Sweet is a calming flavour. Too much sweet is not good for you but a little sweet is relaxing and calming. Sweet in tea should come from the flavours of the herbs used not added sugar or stevia or sweeteners of an artificial nature. Although it’s common to see herbal teas served with rock sugar in China, this is not necessary if the tea is made with balance the flavours of the ingredients should be pleasant enough to be appreciated by themselves.  Sugar and Honey are used in herbal medicine to add sustenance to a depleted person, and sugar or honey is added to a ginger tea purposefully for instance to help the pungent warm nature take effect as part of the cold and flu remedy.  Generally, for most westerners, we don’t need to be sipping on more sugar that is already in our diet. If you do want to add a sweet flavour, Honey is a much better addition to herbal teas than artificial sweeteners or sugar.

The sweet flavour isn’t for everyone, in my experience the most popular types of herbal tea flavours are cool pungent. Minty, zesty and refreshing – herbs like peppermint, spearmint, lemon balm are admired herbs for this flavour.

Warming pungent like rosemary, lemongrass, cinnamon, ginger are all popular in teas especially for evening and cold weather times. In many of my herbal tea blends I combine warm and cool herbs or pungent and sweet, pungent, bitter and sweet etc so the overall flavour and nature of the tea is both purposeful and palatable.

  1. Balance

The tea itself should have a balance – one flavour by itself may be tolerable but not pleasurable in itself, but when combined with herbs of other flavours the taste can be divine.

The flavour of herbs tells us what it does in the body, whether it goes up or down, spreading outwoods , or gathering up in an astringing nature.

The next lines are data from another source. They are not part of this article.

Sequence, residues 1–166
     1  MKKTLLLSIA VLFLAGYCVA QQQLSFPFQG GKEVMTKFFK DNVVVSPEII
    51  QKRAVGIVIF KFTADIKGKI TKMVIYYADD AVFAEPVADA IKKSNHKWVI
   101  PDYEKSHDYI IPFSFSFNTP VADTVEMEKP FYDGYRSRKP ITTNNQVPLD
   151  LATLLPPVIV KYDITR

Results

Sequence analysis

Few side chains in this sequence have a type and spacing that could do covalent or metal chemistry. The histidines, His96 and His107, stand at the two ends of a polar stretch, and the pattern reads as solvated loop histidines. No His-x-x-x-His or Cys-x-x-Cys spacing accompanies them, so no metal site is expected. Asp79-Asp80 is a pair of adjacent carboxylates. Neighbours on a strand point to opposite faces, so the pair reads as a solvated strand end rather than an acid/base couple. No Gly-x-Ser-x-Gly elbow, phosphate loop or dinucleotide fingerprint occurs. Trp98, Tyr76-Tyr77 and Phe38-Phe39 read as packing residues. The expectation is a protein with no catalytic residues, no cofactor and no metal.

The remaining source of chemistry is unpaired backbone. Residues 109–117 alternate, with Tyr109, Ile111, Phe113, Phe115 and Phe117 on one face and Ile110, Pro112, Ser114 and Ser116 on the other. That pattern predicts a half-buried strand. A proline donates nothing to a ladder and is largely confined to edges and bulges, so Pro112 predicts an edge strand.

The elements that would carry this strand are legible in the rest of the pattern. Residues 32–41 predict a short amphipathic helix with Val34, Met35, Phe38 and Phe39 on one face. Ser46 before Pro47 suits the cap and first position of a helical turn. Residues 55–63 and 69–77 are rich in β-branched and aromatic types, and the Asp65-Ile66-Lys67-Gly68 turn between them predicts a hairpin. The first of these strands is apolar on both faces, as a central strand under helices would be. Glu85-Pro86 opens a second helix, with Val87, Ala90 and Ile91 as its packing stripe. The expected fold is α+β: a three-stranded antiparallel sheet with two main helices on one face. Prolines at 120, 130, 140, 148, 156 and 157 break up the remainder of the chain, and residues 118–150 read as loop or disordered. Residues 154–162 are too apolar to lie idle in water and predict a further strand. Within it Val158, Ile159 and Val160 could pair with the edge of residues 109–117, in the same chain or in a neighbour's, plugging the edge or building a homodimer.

Balance is achieved by the proportions of these flavours for their purpose but also for the overall tea’s taste to achieve a drink that is pleasurable to drink.

The process of blending a herbal tea is often by trial and error. Deciding on two or three ingredients and then making two or three blends of different proportions of these ingredients, until an acceptable flavour is achieved. Usually I test the tea blends several times on myself, trying with other people and then on a mass scale at a tea expo, or in my own retail shop when I have a lot of customers on the weekend, we do free tea tastings and get customer feedback on which blends they like.

You can experiment at home with dried herbs but also fresh herbs from your herb garden can be used as an indicator of the flavour. Usually dried herbs are many times stronger than fresh herbs, so if you like the flavour of a tea from your herb garden you can buy dried herbs of the same variety and make up your own herbal teas as how you like them.

 A good herbal tea has a flavour you remember, and want to drink again.

 

Written by

Marie Hopkinson M IntlHlth(Curtin), CertIVTAA, ADTCM(Aust)CTCM(China) 

Marie can be contacted by: www.metrohealth.com.au

© Marie Hopkinson, all rights reserved. Permission for All Organix to publish article on website granted, provided Authourship details and website is retained as printed above.